Preprint Article Version 1 Preserved in Portico This version is not peer-reviewed

Challenging the Conventional Interpretation of HCMV Seronegativity

Version 1 : Received: 23 July 2021 / Approved: 26 July 2021 / Online: 26 July 2021 (10:32:17 CEST)

How to cite: Waters, S.; Lee, S.; Irish, A.; Price, P. Challenging the Conventional Interpretation of HCMV Seronegativity. Preprints 2021, 2021070565 (doi: 10.20944/preprints202107.0565.v1). Waters, S.; Lee, S.; Irish, A.; Price, P. Challenging the Conventional Interpretation of HCMV Seronegativity. Preprints 2021, 2021070565 (doi: 10.20944/preprints202107.0565.v1).

Abstract

The majority of adults in the world (around 83%) carry antibodies reactive with HCMV and are thought to retain inactive or latent infections lifelong. The virus is transmitted via saliva so infection events are likely to be common. Indeed it is hard to imagine a life without exposure to HCMV. From 45 seronegative individuals (13 renal transplant recipients, 32 healthy adults), we present seven cases who had detectable HCMV DNA in their blood and/or saliva, or a CMV-encoded homologue of IL-10 (vIL-10) in their plasma. One case displayed NK cells characteristic of CMV infection, and HCMV DNA became undetectable. In other cases, the infection may persist with seroconversion blocked by vIL-10. Future research should seek mechanisms that can prevent an individual from seroconverting despite a persistent HCMV infection, as HCMV vaccines may not work well in such people.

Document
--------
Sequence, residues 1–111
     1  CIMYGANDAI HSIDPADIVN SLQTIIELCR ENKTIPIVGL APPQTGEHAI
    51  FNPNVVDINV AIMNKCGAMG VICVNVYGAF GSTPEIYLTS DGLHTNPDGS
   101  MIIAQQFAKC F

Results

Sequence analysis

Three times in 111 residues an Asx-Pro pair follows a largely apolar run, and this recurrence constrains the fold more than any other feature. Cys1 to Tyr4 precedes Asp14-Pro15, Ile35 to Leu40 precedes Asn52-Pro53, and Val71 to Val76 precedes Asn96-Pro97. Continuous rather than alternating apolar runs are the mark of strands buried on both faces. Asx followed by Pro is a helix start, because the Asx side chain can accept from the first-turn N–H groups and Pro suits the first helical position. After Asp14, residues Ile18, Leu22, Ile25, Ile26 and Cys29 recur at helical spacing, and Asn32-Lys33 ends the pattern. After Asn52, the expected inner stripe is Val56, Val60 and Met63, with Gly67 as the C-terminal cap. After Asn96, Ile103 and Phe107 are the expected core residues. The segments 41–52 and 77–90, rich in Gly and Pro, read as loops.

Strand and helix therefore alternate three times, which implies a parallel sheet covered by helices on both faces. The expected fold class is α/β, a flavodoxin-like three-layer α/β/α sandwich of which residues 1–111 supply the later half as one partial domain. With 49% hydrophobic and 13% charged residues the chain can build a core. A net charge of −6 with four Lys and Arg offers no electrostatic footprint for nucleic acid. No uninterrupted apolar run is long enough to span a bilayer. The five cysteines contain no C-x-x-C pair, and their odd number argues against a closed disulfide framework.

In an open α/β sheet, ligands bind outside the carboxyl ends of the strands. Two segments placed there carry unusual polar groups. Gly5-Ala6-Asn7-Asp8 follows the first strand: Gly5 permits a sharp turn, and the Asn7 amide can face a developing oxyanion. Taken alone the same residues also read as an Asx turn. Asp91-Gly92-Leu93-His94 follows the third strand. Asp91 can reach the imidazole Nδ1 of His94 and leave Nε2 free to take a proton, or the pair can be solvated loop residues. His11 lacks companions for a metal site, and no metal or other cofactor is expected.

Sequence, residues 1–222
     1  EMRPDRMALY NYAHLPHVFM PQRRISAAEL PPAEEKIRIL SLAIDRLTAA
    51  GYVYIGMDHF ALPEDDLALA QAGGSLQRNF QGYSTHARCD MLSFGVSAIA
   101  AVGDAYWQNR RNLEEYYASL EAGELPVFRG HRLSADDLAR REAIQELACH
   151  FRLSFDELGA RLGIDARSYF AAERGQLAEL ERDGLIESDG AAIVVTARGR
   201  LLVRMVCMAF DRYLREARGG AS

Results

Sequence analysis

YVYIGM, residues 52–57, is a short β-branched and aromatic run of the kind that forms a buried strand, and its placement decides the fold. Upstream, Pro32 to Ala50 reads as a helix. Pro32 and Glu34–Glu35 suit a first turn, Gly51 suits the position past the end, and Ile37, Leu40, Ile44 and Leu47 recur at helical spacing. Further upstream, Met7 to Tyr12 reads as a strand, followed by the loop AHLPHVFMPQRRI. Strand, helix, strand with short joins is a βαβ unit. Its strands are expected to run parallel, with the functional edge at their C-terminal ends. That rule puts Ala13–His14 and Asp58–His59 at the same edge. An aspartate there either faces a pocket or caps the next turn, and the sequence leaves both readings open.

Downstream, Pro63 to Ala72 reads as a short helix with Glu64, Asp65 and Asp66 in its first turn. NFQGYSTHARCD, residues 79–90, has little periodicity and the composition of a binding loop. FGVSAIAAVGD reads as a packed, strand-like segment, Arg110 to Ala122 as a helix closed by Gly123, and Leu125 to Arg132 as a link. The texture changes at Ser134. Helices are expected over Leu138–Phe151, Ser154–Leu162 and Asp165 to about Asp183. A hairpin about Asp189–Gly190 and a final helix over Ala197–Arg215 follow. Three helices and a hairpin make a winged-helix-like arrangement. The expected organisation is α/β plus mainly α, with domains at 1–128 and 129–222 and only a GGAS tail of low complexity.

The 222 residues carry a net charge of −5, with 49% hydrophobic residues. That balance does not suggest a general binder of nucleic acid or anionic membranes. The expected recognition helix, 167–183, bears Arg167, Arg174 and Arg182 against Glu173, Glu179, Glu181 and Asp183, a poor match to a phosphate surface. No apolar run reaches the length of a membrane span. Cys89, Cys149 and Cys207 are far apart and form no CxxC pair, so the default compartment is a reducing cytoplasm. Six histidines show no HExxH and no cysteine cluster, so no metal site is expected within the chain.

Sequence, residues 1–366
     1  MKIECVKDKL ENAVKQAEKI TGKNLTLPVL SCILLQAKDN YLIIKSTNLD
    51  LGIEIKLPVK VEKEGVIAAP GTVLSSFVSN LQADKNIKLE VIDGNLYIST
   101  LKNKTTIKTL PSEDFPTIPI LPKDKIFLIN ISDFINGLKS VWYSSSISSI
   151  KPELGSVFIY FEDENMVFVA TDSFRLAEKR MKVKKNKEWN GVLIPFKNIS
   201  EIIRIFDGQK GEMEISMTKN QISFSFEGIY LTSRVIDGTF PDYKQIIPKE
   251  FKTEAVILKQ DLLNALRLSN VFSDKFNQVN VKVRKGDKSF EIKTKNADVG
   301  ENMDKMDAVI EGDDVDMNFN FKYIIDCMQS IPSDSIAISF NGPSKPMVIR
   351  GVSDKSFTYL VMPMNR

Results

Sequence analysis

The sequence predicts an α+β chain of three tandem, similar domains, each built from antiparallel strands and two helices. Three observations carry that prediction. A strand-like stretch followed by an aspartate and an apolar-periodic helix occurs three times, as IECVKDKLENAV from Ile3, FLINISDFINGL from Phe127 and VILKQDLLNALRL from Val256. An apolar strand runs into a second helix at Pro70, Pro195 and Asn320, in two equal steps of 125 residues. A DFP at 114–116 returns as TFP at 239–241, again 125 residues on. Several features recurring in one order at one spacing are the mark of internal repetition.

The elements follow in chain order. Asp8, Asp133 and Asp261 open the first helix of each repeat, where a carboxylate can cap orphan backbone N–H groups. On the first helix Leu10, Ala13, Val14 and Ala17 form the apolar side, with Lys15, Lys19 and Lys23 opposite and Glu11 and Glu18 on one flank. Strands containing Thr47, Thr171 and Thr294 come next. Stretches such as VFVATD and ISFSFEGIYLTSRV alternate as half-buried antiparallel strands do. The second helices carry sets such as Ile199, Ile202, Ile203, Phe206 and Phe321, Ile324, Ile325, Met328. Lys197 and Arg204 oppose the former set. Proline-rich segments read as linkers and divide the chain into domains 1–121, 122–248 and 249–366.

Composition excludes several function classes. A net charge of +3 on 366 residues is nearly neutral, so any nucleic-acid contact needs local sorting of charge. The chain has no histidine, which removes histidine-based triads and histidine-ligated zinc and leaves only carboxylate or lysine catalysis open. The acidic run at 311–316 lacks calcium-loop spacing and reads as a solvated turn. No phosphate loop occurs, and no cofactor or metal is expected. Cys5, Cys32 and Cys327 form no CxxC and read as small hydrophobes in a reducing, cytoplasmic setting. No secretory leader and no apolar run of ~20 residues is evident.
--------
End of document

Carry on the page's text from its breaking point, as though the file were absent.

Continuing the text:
Keywords

Human cytomegalovirus; seronegative; NK cells; viral IL-10

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